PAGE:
5B.4 Meso-scale analysis and predictability of Taiwan heavy rainfall using VDRAS and WRF

Monday, 26 September 2011: 4:45 PM
Urban Room (William Penn Hotel)
Rita Roberts, NCAR, Boulder, CO; and J. Sun, Z. Ying, J. Wilson, and W. P. Huang

Taiwan Island is frequently inundated with heavy rainfall that can lead to substantial flooding and loss of life. Understanding the evolution of heavy rainfall events and their predictability is a primary concern for the Taiwan Central Weather Bureau. Particularly critical is providing advance warning of potential for flash floods and rainfall exceeding 100 mm over a 1-2 hr period which is not a rare event for Taiwan. During 2008, an enhanced set of data were collected over Taiwan as part of the Southwest Monsoon Experiment/Terrain-influenced Monsoon Rainfall Experiment (SoWMEX/TiMREX) to improve understanding of the physical processes associated with terrain-induced heavy precipitation systems and the monsoonal environment in which they are embedded. A dense set of instrumentation, including radar, rawinsonde, dropsonde and surface stations, were located over southern Taiwan to collect high resolution observations needed for data assimilation and numerical modeling studies. The NCAR dual-polarization radar (S-Pol) was specially sited in southern Taiwan to provide comprehensive observations for studying the dynamical and microphysical processes and environmental conditions leading to the development of heavy rainfall.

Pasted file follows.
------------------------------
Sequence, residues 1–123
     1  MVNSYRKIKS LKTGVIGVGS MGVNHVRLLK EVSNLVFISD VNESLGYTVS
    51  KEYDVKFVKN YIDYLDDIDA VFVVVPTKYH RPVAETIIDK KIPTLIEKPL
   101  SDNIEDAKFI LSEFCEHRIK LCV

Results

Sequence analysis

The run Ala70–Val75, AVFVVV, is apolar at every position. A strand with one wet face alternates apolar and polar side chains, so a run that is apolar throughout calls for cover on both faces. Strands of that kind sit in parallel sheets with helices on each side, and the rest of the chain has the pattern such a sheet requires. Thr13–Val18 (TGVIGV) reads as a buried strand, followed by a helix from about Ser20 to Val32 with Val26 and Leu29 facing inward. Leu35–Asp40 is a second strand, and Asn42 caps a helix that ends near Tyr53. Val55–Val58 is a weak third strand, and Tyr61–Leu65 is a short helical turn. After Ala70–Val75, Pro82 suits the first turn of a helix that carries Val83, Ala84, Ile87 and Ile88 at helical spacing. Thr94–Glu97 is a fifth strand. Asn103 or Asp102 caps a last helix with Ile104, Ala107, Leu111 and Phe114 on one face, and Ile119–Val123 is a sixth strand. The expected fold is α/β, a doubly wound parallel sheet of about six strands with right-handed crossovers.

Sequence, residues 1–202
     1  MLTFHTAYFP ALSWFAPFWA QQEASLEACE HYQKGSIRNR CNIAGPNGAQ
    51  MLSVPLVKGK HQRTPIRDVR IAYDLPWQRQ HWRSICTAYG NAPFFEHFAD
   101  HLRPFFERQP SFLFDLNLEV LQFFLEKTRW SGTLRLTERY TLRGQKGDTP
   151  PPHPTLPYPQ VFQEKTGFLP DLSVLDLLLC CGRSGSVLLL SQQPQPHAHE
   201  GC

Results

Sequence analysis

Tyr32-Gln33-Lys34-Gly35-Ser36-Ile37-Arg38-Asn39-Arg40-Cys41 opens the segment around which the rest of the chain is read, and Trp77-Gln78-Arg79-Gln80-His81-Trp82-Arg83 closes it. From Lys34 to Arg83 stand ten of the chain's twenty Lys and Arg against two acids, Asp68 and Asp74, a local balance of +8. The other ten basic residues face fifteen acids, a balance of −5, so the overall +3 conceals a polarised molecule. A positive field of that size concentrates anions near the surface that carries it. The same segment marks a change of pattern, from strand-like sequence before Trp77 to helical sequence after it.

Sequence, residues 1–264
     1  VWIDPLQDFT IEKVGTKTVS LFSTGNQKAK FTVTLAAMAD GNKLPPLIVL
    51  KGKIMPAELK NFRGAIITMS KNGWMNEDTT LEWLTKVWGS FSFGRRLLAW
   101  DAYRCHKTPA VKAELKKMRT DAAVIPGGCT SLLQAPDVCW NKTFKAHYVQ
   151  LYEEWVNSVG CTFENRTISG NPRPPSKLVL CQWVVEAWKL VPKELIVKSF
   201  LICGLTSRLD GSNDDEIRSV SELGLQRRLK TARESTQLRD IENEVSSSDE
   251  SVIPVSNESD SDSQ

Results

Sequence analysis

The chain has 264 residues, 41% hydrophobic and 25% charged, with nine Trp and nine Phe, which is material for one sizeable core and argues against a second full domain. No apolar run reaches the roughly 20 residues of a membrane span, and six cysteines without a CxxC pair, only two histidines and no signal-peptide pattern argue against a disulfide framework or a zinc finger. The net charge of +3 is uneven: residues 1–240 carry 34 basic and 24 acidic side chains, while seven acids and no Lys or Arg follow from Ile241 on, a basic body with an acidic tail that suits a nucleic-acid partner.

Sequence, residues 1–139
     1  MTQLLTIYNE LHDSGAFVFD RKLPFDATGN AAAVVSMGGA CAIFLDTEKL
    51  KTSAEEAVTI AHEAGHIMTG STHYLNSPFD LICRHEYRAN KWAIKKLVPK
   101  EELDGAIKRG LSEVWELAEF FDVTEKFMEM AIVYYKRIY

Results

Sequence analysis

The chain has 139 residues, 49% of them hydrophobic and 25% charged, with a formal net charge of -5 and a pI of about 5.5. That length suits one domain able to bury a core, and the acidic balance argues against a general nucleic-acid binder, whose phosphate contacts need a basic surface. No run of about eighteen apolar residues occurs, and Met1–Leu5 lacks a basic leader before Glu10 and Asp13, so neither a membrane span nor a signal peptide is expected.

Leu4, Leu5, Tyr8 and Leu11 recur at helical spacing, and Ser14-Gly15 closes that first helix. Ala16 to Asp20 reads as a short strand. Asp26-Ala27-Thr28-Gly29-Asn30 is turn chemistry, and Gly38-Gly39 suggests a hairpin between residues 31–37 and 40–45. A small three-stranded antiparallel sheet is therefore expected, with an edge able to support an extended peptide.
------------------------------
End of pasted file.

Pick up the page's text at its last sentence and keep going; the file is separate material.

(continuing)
This paper provides a comparison of the 4-D Variational Doppler Radar Analysis System (VDRAS) radar data assimilated fields with Weather Research and Forecasting (WRF) Model output fields for two southwest monsoonal periods during SoWMEX/TiMREX, 2-6 June and 14-16 June and for a heavy rainfall event on 31 May associated with the Mei Yu front. Radar reflectivity and radial velocity data from S-Pol and the Taiwan operational radars are assimilated into VDRAS, providing a suite of fields (wind, thermodynamic, shear and stability) that are compared with WRF analysis and forecast fields over Taiwan. A comparison of VDRAS analysis fields with the Taiwan Local Analysis Prediction System (LAPS) analysis and forecasts fields for 31 May will also be shown. The strength of using the VDRAS fields for understanding the evolution of and analyzing the predictability of the heavy rainfall events lies in its ability to assimilate the high resolution radar observations every 10 min and provide more detailed results on the meso-scale than is possible with the current resolution of the WRF analysis and forecast fields. In addition, the LAPS analysis fields are updated every 60 min in real-time and may be an ideal dataset to use as a background field for VDRAS instead of WRF. Those fields that lend toward greater predictability of heavy rainfall will be discussed.

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